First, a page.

Three things I learned from the YWCA World Council in Johannesburg, South Africa.
ONE – During the digital age, analog relationships matter:
Coming together as a movement to fight for human rights is inherently powerful.
Not just to exchange best practices, but to hear the actual stories on the ground. It is essential to create strong ties to drive the change forward. In these volatile times, relationships between committed people can make a difference.
At this meeting, my colleagues at YWCA Mexico & USA recount the visceral reality of children detained and out inside cages because of Trump’s policies.
I discussed trans inclusion with a young Kenyan woman — who receives daily death threats because she fights for LGBTQ+ rights.
I met with Irma, an inspiring democracy activist from Chile. She pulled me aside on the second day to share with me that she had just gotten word that the government was refusing to let ambulances attend to young Chilean women protesting economic insecurity and poverty.
The police are targeting young women and blinding their eyes for speaking out. “I don’t know if my friends and I will survive,” she told me, anxious for the global community to intervene and face these human rights atrocities.
Bearing witness and speaking out are our weapons, as we seek to build an equitable world.
TWO – Black Lives Matter — Every day, everywhere:
There is a powerful impact in seeing Nelson Mandela’s jail cell on the infamous Robben Island.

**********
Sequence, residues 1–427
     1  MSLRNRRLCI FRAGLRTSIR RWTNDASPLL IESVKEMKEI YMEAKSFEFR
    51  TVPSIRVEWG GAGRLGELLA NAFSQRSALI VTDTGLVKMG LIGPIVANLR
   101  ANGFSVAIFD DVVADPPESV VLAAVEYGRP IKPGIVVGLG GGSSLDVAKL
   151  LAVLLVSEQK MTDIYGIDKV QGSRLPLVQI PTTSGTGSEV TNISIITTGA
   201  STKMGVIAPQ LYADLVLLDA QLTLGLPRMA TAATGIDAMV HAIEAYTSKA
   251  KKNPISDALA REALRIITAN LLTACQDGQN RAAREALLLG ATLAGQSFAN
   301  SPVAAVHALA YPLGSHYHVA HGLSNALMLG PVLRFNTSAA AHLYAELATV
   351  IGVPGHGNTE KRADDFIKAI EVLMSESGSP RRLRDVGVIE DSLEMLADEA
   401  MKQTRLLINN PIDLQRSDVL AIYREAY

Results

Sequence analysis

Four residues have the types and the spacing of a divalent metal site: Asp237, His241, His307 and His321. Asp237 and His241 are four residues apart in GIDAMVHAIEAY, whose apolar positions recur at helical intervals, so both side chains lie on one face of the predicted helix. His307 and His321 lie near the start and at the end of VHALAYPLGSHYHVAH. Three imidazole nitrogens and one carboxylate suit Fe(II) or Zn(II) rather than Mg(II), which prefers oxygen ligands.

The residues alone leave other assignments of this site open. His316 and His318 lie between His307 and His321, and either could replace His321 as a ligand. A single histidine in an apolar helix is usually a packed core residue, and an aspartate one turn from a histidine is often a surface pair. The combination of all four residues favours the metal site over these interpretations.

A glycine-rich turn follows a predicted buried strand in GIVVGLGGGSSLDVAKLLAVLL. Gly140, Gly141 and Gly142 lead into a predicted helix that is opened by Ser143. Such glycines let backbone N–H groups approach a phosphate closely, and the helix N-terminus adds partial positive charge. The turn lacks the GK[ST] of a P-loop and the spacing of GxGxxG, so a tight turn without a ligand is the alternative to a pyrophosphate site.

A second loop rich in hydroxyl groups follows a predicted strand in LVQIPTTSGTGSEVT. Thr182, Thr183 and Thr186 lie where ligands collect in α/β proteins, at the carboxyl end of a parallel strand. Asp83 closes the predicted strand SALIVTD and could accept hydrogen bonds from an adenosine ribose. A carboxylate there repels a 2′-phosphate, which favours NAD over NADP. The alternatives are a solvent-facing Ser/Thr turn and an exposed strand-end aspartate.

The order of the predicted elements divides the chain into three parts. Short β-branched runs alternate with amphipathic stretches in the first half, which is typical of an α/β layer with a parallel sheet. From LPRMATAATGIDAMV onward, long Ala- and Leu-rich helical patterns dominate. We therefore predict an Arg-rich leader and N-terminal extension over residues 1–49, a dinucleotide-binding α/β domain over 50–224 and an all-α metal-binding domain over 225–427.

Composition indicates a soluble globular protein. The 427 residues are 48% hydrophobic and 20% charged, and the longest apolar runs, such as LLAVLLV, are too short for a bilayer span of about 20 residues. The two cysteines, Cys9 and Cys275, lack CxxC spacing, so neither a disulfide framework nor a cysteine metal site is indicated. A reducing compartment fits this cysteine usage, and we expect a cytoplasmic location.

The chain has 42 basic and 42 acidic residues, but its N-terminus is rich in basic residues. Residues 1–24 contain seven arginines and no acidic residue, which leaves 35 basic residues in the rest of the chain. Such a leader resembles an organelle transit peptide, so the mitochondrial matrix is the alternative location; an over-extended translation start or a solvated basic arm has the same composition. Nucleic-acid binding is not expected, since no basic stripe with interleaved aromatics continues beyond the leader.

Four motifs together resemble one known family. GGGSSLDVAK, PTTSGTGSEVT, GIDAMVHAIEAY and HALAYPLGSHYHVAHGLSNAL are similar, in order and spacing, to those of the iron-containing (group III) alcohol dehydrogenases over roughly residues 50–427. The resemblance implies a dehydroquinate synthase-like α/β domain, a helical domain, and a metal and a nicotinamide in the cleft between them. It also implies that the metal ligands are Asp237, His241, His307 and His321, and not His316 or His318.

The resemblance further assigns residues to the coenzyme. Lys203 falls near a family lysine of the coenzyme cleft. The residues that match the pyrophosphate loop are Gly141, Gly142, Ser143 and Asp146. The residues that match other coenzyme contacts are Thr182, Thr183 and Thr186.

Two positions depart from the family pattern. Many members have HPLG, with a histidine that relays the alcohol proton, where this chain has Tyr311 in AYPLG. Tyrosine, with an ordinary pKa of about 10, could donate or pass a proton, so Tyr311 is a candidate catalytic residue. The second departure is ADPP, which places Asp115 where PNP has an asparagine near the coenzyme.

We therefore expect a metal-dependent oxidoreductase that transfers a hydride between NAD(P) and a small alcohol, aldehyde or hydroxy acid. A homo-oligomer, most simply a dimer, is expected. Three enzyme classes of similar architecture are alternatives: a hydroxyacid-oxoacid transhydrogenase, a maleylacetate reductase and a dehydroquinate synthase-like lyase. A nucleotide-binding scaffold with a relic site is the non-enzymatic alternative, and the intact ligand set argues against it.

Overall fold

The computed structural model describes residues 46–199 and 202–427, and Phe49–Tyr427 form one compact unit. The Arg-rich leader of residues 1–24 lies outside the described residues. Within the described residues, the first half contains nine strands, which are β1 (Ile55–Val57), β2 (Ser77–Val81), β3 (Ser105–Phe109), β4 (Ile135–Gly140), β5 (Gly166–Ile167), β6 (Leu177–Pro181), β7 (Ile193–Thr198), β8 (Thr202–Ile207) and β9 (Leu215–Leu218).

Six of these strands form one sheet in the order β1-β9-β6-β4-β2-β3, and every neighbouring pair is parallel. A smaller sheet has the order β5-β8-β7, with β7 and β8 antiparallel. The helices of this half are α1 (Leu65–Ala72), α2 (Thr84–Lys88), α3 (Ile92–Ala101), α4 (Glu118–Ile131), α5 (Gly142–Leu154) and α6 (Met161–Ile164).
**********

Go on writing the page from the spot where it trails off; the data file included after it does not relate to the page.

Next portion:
It was life-changing watching 400 YWCA women tour Constitution Hill, where anti-apartheid activists were imprisoned.
Tragically, anti-Black racism did not stop with the end of apartheid.
For me, the important question was:
How do we challenge anti-Black racism daily in Canada?
How do I better support my Black colleagues when they speak out and name racism?
We need to do better as we push for state policies that actively dismantle systemic anti-Black racism.
THREE – Consent Is Sexy:
Brilliant colleagues Krystal and Miia put together training on the differences between consensual sex work and human trafficking.
They took delegates through the definition of consent, and how coercion impacts women who are being sexually exploited.
Mapping out programs, policies and best practices – these women know the issues and get the work done on the ground.